In this case, broadcast advertising by Charter utilized the humorous interaction between commuting “monsters” – a mummy, a mad scientist, a werewolf and the Grim Reaper – to criticize satellite television service.

“NAD has long recognized an advertiser’s right to make literally truthful and accurate advertising claims, sometimes at the expense of its competitors. It has also long recognized that humor can be an effective and creative way for advertisers to highlight the differences between products,” the decision states. “However, humor and hyperbole do not relieve an advertiser of its obligation to support messages that their advertisements might reasonably convey – especially when the advertising disparages a competitor’s product.”

NAD reviewed the following express claims

  • Satellite TV “cuts out in the rain”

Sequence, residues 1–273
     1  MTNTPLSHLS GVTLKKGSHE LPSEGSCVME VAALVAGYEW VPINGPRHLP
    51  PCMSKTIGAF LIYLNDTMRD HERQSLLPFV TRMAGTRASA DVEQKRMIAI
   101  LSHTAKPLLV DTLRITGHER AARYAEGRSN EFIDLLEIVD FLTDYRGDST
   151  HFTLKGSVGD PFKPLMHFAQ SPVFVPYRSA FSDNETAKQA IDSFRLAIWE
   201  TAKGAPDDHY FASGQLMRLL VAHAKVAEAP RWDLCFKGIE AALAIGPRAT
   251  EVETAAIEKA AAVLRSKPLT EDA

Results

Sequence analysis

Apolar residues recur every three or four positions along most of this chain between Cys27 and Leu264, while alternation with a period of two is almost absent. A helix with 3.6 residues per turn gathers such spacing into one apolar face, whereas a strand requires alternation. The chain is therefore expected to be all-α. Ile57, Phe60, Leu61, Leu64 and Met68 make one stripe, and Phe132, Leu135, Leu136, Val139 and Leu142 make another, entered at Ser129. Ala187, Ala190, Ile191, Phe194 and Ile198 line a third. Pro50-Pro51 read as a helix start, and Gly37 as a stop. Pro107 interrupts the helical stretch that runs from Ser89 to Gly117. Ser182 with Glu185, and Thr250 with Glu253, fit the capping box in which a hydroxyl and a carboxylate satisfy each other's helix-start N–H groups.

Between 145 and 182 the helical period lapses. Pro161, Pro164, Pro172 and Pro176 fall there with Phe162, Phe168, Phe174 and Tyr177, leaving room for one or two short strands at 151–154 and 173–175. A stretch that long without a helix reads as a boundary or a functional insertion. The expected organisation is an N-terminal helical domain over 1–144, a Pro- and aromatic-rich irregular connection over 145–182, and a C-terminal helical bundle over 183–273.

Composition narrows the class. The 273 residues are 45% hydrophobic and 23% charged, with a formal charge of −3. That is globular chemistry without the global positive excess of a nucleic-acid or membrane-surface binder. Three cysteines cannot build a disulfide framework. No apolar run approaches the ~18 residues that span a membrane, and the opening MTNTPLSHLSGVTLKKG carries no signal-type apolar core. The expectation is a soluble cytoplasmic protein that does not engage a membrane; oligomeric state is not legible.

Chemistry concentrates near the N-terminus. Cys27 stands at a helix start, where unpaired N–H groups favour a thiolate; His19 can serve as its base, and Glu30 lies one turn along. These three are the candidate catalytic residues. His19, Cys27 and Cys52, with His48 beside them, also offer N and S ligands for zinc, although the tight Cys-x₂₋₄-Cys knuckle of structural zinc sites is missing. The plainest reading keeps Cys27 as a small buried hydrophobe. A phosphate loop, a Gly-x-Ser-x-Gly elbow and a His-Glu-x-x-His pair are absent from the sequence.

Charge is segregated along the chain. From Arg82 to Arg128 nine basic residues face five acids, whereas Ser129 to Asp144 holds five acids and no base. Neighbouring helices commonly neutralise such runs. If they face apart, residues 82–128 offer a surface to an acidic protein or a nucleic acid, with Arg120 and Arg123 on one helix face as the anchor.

• “Satellite dish went out in the rain. Again.”
  • Satellite TV “doesn’t always work in the rain”
  • Satellite TV is “evil” and “bad”

NAD also examined whether the advertising implied that DirecTV users experience signal interruptions during light rain, that DirecTV will stop working during rainy weather or whether DirecTV is unreliable.

To support its claims, the advertiser provided a survey of DIRECTV and Dish Network customers that asked them about their satellite television service and their experience with rain and weather related outages. The advertiser argued that the survey supports the premise that “rain fade” is not a rare occurrence for satellite television subscribers; that rain fade occurs often enough to be a significant and relevant vulnerability of satellite service; and that rain fade is a source of frustration for subscribers if they experience an outage. The challenger levied a number of criticisms of the survey and argued that its flaws render it an unreliable measure of its customers’ opinions.